On the other hand, a foaming compound of a polyolefin resin, particularly polypropylene, dissipates blowing gas from the surface thereof on extrusion foaming and, as a result, a foamed sheet has low post-expandability, thus failing to provide formings having a desired extent of expansion.
One object of this invention is to eliminate the above-described disadvantages and to provide a polyolefin resin foamed laminate sheet which can provide formings, such as food containers and trays, excellent in heat resistance, oil resistance, thermal insulating properties, and strength.
Another object of this invention is to provide a polyolefin resin foamed laminate sheet having laminated on both sides thereof a polyolefin film, which has improved vacuum formability, particularly double-side vacuum formability.
A further object of this invention is to provide a polyolefin resin foamed laminate sheet containing a polystyrene resin for improving post-expandability and strength.
A still further object of this invention is to provide a polyolefin resin foamed laminate sheet containing an inorganic filler for improving formability.
It has now been found that the above objects of this invention can be accomplished by a polyolefin resin foamed laminate sheet suitable for thermoforming, which is composed of a foamed interlayer comprising 100 parts by weight of a polyolefin resin and from 0.5 to 35 parts by weight of an inorganic filler, said foamed interlayer having a density of from 0.18 to 0.98 g/cm3, and a polyolefin film laminated on both sides of said foamed interlayer.
FIG. 1 is a schematic cross section of a mold to be used for double-side vacuum forming.
FIGS. 2-a to 2-d are cross sections illustrating the double-side vacuum forming process according to the present invention.
FIG. 3 is an outaway view of the container obtained by the forming process of the present invention.
The interlayer of the polyolefin resin foamed laminate sheet of the present invention is a foamed sheet comprising a polyolefin resin as a main resinous component. The polyolefin resin to be used includes polypropylene, polyethylene, polybutene, polymethyl-pentene, mixtures of these polymers, and olefin copolymers having an olefin content of at least 50% by weight, such as ethylene-vinyl acetate copolymers, ethylene-methacrylate copolymers, ethylene-propylene-terpolymers, and ethylene-propylene rubbers.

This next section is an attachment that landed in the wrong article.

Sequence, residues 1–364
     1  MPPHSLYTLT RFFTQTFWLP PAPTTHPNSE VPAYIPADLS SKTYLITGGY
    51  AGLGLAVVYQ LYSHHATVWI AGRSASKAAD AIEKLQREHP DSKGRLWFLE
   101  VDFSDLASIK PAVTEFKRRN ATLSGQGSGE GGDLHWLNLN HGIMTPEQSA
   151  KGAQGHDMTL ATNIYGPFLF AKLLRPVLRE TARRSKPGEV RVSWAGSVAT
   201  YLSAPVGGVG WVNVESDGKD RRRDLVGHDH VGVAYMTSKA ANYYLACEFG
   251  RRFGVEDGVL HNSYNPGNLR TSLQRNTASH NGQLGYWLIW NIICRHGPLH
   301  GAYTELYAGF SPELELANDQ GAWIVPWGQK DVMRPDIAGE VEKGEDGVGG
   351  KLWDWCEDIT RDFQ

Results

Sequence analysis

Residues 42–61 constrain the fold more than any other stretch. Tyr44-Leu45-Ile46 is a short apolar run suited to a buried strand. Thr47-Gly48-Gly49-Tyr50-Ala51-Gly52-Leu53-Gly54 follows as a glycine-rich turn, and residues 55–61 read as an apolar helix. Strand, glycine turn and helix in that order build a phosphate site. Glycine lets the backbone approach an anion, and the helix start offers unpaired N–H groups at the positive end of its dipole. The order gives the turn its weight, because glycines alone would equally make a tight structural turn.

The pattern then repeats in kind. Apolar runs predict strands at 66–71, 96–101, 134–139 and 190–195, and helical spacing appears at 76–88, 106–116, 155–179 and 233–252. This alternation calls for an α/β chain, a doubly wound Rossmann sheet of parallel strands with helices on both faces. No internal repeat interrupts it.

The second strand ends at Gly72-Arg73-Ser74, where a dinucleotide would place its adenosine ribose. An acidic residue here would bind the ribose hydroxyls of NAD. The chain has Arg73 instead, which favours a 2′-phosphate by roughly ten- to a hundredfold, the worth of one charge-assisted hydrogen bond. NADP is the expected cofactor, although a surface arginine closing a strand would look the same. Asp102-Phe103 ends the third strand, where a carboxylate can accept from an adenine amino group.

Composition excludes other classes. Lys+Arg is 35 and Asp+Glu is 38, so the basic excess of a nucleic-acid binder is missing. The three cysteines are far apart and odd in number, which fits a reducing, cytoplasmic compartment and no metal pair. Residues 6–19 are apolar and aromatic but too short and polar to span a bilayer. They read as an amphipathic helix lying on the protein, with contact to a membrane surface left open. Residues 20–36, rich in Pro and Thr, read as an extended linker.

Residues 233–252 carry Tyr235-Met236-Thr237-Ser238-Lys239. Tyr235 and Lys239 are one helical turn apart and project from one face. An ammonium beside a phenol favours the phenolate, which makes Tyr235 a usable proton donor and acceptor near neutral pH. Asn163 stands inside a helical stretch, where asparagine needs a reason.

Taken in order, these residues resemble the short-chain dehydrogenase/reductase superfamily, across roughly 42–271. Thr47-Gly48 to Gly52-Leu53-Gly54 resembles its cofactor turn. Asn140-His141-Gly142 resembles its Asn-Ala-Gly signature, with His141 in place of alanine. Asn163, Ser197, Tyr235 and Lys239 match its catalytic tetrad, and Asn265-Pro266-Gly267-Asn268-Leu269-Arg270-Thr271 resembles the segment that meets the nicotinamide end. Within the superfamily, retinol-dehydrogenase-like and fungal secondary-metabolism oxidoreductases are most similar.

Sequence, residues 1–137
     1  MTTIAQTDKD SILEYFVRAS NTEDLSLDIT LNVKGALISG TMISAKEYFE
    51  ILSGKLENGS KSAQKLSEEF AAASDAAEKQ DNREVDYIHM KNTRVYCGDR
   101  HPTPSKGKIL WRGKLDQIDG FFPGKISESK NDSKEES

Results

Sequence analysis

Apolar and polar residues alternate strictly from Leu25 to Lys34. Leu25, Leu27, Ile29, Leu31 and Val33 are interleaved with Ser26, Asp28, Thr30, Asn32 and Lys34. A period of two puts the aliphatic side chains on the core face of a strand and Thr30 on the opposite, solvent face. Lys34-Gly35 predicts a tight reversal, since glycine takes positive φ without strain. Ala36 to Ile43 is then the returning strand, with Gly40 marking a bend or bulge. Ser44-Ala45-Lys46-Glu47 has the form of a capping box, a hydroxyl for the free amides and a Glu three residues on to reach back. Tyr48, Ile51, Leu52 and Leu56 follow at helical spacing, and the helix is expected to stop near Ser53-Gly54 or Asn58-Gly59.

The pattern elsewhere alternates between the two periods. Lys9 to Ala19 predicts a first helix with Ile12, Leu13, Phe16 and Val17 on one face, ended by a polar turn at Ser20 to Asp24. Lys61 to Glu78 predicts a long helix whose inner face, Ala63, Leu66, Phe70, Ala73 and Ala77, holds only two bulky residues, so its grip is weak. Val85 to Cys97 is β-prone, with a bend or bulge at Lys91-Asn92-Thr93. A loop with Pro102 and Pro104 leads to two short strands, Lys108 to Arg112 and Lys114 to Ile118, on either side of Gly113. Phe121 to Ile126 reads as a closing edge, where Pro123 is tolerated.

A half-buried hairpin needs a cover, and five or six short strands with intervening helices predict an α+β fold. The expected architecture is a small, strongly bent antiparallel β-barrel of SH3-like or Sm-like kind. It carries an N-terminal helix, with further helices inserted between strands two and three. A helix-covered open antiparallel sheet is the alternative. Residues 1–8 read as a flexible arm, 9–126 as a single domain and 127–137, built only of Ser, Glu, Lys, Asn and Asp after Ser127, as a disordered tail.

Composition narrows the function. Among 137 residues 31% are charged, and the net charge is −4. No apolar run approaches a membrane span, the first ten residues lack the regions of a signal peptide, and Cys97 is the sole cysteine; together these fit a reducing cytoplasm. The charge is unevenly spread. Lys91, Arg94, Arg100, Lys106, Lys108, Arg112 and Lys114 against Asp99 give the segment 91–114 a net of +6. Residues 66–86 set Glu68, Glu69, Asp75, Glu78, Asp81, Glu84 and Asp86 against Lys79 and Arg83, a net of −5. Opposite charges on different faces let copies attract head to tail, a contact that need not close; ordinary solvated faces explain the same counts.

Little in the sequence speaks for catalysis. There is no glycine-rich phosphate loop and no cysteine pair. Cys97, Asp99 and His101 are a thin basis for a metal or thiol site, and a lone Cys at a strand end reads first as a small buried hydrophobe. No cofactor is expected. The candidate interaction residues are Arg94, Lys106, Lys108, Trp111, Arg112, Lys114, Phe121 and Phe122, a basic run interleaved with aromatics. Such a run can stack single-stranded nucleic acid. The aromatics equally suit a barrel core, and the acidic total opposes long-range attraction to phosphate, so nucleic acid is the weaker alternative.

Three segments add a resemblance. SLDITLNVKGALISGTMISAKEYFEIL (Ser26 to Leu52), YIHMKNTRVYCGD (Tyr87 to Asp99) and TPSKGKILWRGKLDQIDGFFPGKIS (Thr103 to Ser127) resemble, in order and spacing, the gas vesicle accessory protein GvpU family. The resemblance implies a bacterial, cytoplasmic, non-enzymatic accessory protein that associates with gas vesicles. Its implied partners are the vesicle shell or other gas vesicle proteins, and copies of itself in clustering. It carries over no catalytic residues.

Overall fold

Expandability of the interlayer can be improved by incorporating a polystyrene resin into the polyolefin resin. The polystyrene resin which can be admixed with the polyolefin resin includes polystyrene resins of general grade, as well as heat-resistant polystyrene resins such as α-methylstyrene copolymers, styrene-maleic anhydride copolymers, styrene-alkylmaleimide copolymers, styrene-methyl methacrylate copolymers, and a mixture of polystyrene and polyphenylene oxide. The polyolefin resin is usually used in an amount of from 50 to 90 parts by weight per 100 parts by weight of the total resinous components. If the amount of the polystyrene resin exceeds 50 parts by weight, the heat resistance decreases.
In order to facilitate blending of the polyolefin resin and the polystyrene resin, the resin composition may further contain from about 2 to 30 parts by weight of a saturated thermoplastic elastomer, e.g., a saturated styrene-based thermoplastic elastomer, per 100 parts by weight of the total resinous components. Thus, the foamed interlayer can be lowered in density and improved in sheet appearance.